It has been estimated that roughly 1/3 of any organisms' genetic capacity is devoted to housekeeping functions that all organisms must be able to do - metabolizing simple sugars, making proteins, replicating DNA, etc. The DNA sequences of these genes will be similar enough in all organisms that the presence of these genes in a raw DNA sequence is identifiable and interpretable. However, genes that are not highly conserved in all organisms - the truly interesting genes in terms of development of fungal spores, elaboration of mushroom fruiting bodies, synthesis and secretion of ! secondary metabolites such as penicillin, capacity for pathogenesis in plants and animals and ability of hyphae to fuse for heterokaryons, genes that function in the cell cycle, in the biological clock, in sexual development - cannot be recognized just from the DNA sequence because no other genes like them have ever been identified.

Herein lies the reason that venture capitalists are investing in functional genomics companies that can exploit the knowledge base of model organisms - and the reason why, in the context of filamentous fungi, Neurospora is ideal for launching the genome initiative. Neurospora has been a dominant force in filamentous fungal research for the past half century.

There is an enormous wealth of genetic diversity awaiting discovery in the fungi, and the legacy of Neurospo! ra genetics is the key to elucidating the biological function of this genetic diversity.Today the 50 years of forefront research on this organism constitutes a priceless legacy for interpreting what comes out of the DNA sequence - a Rosetta Stone really - and one not available in an organism chosen for its temporary, topical interest.

The Neurospora - Fungal Genome Initiative

Our Plan of Attack

We are now engaged in Phase I of an overall plan to prosecute the global sequencing effort. In this work our initial goals are twofold:
  1. to establish the unique nature of fungal genes. This goal is largely complete as the result of the ongoing work at the Neurospora Genome Center in New Mexico (see above) where sequencing of ESTs has established that over 50% of expressed genes in Neurospora are not found in either yeast or in the GenBank repository that includes all sequenced genes in the literature.!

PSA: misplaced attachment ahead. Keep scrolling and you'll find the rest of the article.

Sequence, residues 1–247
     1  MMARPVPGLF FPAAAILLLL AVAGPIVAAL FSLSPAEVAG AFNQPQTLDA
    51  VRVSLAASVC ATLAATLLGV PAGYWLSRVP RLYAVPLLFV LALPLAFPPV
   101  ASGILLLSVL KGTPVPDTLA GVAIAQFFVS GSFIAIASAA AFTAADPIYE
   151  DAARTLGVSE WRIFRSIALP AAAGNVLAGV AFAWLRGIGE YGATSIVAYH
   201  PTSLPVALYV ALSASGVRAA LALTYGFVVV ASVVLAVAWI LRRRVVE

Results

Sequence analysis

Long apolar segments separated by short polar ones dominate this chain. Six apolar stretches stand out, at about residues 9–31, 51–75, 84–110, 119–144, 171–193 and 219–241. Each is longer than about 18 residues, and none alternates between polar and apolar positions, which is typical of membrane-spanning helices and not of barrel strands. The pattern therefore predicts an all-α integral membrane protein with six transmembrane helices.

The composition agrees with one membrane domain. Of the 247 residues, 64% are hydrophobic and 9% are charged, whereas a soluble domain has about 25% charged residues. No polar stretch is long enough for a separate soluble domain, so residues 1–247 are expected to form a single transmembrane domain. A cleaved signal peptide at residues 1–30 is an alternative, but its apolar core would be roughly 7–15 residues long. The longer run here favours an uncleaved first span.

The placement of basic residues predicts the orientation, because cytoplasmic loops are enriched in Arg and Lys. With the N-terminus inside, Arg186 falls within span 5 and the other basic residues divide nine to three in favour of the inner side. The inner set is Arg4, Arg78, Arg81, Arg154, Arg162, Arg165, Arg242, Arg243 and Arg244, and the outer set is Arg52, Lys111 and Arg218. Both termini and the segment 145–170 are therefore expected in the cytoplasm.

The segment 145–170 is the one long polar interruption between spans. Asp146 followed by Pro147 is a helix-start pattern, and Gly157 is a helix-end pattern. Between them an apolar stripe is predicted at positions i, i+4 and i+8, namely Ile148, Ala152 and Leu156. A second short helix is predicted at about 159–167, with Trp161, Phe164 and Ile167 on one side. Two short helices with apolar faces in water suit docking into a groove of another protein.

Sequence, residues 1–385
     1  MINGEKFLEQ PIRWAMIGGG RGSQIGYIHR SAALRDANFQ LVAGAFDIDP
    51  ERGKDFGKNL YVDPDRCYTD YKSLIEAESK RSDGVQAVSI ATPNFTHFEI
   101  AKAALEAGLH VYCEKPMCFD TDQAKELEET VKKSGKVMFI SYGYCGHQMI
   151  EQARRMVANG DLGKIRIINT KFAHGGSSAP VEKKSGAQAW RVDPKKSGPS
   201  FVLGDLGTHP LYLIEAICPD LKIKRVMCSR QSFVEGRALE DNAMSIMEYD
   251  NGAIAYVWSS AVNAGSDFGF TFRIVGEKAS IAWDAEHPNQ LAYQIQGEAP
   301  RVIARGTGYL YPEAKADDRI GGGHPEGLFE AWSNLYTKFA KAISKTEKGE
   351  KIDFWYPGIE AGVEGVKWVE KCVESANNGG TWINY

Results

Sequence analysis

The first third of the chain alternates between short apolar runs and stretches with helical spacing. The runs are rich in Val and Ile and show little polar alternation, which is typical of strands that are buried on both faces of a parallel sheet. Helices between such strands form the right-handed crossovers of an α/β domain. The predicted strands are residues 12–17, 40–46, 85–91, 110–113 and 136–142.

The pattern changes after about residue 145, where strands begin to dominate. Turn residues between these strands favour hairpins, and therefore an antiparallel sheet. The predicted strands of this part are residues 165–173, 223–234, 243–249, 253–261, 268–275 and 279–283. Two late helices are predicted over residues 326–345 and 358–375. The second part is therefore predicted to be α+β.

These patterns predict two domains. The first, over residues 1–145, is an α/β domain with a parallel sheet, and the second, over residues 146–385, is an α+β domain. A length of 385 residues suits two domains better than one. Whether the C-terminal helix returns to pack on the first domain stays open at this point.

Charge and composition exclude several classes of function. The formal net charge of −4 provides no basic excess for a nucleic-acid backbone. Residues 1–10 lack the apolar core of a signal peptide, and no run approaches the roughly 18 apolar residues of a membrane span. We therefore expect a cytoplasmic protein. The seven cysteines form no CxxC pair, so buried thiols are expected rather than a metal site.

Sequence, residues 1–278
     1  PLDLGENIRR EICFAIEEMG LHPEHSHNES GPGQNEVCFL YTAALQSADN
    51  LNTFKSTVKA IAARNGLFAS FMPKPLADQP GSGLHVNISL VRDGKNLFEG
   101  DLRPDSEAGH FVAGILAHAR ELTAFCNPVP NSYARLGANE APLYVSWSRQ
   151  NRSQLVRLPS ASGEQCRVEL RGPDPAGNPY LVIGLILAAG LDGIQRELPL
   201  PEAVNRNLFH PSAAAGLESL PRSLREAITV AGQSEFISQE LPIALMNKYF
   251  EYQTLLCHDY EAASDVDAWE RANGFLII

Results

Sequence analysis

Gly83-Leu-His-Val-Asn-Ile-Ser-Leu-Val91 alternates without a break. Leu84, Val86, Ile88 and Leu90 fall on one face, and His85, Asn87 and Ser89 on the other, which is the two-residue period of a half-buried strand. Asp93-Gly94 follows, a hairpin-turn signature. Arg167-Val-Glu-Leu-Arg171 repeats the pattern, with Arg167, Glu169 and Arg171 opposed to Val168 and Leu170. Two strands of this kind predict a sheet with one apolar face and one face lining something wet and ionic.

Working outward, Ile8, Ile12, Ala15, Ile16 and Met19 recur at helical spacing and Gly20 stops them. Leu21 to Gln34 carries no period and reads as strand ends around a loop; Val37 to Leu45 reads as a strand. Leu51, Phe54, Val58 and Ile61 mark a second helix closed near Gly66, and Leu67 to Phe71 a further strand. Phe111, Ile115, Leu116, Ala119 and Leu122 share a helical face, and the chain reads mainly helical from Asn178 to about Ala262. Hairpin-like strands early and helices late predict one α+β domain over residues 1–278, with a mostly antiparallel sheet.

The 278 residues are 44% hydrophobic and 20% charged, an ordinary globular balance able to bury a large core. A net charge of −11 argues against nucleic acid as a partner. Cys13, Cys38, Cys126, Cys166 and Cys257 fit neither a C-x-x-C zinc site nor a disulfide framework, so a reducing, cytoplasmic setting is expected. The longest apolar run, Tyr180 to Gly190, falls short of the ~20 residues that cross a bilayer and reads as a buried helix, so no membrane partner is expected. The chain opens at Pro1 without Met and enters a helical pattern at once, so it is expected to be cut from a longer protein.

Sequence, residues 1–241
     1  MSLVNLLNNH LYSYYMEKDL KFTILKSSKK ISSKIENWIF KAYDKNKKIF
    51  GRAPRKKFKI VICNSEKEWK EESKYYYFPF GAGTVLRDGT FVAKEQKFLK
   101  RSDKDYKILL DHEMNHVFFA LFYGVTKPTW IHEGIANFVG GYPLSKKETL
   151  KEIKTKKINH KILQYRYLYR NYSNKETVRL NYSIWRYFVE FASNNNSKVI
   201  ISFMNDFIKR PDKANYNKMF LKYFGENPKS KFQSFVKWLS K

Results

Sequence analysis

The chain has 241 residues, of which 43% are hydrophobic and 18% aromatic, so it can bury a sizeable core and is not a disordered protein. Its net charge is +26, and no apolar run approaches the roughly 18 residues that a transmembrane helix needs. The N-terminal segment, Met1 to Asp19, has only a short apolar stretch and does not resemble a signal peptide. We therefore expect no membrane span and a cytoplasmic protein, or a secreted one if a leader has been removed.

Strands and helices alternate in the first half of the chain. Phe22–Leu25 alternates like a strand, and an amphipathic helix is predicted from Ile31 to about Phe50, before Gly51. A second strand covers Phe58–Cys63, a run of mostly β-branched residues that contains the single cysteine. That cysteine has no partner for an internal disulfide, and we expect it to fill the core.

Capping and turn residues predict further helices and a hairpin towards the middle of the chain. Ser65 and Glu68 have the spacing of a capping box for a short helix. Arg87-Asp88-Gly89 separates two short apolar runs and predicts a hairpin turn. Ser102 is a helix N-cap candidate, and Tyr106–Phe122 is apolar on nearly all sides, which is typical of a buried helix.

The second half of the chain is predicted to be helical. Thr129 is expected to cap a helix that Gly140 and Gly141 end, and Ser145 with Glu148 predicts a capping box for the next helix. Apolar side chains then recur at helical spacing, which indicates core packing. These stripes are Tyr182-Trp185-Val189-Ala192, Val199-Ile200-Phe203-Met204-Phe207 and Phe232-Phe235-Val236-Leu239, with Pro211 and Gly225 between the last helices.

2. to complete the sequence of a fully functional ! chromosomal element from Neurospora. This will serve as a benchmark to establish our credibility in high through-put sequencing. This work will be completed chiefly at the Neurospora Genome Center in New Mexico and at the Fungal Genome Resource center at the University of Georgia, although we will encourage the development of four additional satellite centers .
We will then go for the funding to complete the entire sequence in Phase II, an overall effort that we expect will include the complete sequencing of Aspergillus nidulans and acquisition of partial sequences from several additional important fungal pathogens, industrial production strains, and cultured organisms.

Our Funding Base

To move forward we need your help.

Requested Action

We need your support in two ways.

First, for us to successfully educate members of Congress, it is critical that we be able to call upon your written support. An Initiative driven only by academic research interests is not likely to draw the necessary interest in Congress, whereas an Initiative supported by agricultural and industrial interests in the private sector is likely to draw attention.

Secondly, it is essential that we identify Private Sector Allies willing to financially suppo! rt the chromosomal sequencing aspect of Phase I. A commitment corresponding to one postdoctoral or technician equivalent for one year will allow us to prosecute the work immediately and to complete it is a timely manner, although partial but significant support at any level will allow the work to begin.

The Profits